Regarding legislation on trafficking in children, the delegation said that new laws criminalized not only the child trafficker but also the recipient.  Grooming a child on the internet was a cyber-crime and was punishable by up to five years imprisonment.  Websites with illegal content were banned and there was also a strategy aimed at making the internet friendlier and safer for children. 

The Republic of Moldova had concluded a number of bilateral agreements in the region and had also established effective mechanisms of cooperation with neighbouring countries, such as Romania and Belarus.  Agreements were also due to be signed with countries outside Europe, such as the United Arab Emirates.

In cases where Moldovan citizens had committed crimes abroad, extraditions were handled by the Ministry of Justice and the process was facilitated wherever there were reciprocal extradition agreements with other States.  The Criminal Proceedings Code gave the Republic of Moldova extraterritorial jurisdiction over crimes committed by or against Moldovan citizens abroad.   

Concerning the issue of adoption, the delegation said that the Ministry of Social Protection operated a national database of children who were available for adoption and of families who wanted to adopt a child.  In accordance with the law on adoption, foreign organizations authorized to engage in international adoption had to go through a procedure of accreditation before proceeding with international adoptions.  Accreditation was carried out once a year and foreign international organizations had to submit periodic reports on the situation of adopted children.  The Republic of Moldova followed up on children who had been adopted nationally and internationally. At the national level, it was the local authorities that checked on the adopted children, while at the international level Moldovan embassies carried out the task in collaboration with the local authorities of the foreign country.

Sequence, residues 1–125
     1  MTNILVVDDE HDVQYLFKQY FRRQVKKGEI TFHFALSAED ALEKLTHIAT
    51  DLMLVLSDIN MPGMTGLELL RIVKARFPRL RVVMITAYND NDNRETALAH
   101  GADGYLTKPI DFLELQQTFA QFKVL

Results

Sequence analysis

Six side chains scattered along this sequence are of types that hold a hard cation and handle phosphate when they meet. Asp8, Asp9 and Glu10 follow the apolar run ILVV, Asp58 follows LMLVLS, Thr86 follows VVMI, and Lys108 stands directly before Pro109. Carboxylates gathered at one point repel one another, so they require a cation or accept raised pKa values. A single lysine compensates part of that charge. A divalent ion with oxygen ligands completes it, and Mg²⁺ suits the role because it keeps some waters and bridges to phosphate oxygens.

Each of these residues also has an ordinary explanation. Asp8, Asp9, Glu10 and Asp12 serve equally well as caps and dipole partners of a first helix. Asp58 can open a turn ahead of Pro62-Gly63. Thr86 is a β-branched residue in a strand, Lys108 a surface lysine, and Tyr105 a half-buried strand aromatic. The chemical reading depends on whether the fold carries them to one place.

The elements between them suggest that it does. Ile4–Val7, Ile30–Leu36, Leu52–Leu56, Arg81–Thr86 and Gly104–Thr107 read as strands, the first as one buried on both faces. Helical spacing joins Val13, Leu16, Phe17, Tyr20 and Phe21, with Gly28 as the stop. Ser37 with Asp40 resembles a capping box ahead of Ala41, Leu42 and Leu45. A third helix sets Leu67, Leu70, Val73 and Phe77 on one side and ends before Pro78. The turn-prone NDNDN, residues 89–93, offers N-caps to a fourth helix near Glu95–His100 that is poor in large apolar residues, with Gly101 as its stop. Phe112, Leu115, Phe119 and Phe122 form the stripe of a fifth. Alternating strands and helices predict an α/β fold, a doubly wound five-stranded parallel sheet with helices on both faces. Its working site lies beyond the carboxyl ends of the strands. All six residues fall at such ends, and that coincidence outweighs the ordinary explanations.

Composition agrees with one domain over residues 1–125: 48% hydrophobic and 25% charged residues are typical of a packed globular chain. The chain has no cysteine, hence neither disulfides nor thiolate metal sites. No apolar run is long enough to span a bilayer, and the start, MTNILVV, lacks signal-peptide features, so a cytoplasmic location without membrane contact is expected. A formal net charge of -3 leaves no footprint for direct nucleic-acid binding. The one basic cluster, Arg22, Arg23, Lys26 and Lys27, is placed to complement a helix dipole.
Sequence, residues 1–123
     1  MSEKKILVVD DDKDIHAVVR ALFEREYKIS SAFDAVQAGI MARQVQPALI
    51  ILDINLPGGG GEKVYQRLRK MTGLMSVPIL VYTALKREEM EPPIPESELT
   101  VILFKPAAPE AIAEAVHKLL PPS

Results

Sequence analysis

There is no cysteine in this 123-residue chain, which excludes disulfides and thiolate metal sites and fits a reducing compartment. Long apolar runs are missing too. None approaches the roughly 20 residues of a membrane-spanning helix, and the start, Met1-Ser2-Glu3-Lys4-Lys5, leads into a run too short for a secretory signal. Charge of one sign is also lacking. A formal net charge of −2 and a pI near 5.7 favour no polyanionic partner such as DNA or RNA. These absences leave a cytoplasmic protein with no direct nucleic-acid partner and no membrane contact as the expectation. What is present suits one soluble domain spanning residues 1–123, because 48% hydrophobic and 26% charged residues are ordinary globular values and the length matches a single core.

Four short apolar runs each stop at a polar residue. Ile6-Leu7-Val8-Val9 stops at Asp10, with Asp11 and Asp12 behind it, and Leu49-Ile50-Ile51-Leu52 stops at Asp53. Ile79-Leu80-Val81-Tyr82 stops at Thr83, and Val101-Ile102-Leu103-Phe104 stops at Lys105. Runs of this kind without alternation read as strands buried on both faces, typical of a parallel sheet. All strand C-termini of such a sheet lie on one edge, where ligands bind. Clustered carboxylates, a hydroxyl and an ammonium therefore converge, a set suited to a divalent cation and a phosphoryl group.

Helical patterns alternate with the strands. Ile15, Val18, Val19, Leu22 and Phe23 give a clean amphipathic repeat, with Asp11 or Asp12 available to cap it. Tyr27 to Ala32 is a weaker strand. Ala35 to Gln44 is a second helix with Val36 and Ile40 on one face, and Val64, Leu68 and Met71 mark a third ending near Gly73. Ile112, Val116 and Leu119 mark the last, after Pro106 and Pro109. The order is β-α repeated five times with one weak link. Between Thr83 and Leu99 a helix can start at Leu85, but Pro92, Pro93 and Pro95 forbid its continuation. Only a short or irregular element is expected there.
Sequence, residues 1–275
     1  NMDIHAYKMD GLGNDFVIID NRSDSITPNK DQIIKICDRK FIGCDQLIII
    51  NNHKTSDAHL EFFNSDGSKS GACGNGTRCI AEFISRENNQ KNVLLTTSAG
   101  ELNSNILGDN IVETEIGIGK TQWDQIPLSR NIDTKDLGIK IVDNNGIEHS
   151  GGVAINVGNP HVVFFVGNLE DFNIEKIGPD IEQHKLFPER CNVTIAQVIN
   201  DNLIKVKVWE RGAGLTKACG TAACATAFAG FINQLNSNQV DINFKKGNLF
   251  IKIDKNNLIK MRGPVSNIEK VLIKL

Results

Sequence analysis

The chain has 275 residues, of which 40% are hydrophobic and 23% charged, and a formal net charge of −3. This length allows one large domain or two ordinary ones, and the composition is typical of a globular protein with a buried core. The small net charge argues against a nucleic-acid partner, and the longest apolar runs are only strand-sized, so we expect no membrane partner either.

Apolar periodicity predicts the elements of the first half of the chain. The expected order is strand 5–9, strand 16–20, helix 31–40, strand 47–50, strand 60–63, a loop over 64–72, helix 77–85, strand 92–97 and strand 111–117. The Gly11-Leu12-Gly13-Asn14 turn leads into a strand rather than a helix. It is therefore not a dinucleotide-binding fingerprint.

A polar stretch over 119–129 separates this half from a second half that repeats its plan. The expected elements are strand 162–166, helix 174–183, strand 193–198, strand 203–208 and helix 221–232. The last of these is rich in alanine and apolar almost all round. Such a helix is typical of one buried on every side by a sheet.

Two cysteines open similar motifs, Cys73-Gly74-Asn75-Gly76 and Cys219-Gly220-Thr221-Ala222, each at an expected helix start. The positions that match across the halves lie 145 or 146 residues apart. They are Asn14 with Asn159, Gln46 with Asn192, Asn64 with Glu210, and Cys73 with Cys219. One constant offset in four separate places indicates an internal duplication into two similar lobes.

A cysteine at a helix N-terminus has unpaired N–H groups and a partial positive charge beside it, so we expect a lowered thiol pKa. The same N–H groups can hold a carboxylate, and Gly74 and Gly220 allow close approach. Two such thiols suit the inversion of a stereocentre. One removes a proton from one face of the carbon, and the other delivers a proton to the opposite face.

The Republic of Moldova actively promoted a healthy lifestyle and the prevention of violence, a delegate said.  Awareness-raising activities took place to familiarize citizens with criminal and administrative legislation and recommend ways that children could avoid such violent situations.

Information about the risks of child pornography, trafficking in children, and sale and sexual exploitation were widely disseminated, a delegate said.

The National Institution of Justice carried out regular training sessions related to the international instruments ratified by The Republic of Moldova.  Furthermore, police officers participated in Interpol training to familiarize themselves with investigation systems and learn how best to cooperate with Interpol and join Interpol’s international database.